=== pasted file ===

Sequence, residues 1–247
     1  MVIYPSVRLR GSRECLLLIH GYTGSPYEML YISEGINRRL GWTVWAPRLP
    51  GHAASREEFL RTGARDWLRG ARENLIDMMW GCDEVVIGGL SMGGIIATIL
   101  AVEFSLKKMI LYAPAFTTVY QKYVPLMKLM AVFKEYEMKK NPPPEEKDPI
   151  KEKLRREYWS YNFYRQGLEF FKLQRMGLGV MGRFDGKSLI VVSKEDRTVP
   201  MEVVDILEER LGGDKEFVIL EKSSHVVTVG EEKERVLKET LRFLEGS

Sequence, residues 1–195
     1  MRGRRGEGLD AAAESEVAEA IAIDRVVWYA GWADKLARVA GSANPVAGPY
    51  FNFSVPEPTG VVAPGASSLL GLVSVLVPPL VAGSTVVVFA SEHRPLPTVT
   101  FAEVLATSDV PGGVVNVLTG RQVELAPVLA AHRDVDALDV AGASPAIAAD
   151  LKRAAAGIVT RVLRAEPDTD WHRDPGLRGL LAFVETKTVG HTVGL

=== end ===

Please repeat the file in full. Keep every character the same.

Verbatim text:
Sequence, residues 1–247
     1  MVIYPSVRLR GSRECLLLIH GYTGSPYEML YISEGINRRL GWTVWAPRLP
    51  GHAASREEFL RTGARDWLRG ARENLIDMMW GCDEVVIGGL SMGGIIATIL
   101  AVEFSLKKMI LYAPAFTTVY QKYVPLMKLM AVFKEYEMKK NPPPEEKDPI
   151  KEKLRREYWS YNFYRQGLEF FKLQRMGLGV MGRFDGKSLI VVSKEDRTVP
   201  MEVVDILEER LGGDKEFVIL EKSSHVVTVG EEKERVLKET LRFLEGS

Sequence, residues 1–195
     1  MRGRRGEGLD AAAESEVAEA IAIDRVVWYA GWADKLARVA GSANPVAGPY
    51  FNFSVPEPTG VVAPGASSLL GLVSVLVPPL VAGSTVVVFA SEHRPLPTVT
   101  FAEVLATSDV PGGVVNVLTG RQVELAPVLA AHRDVDALDV AGASPAIAAD
   151  LKRAAAGIVT RVLRAEPDTD WHRDPGLRGL LAFVETKTVG HTVGL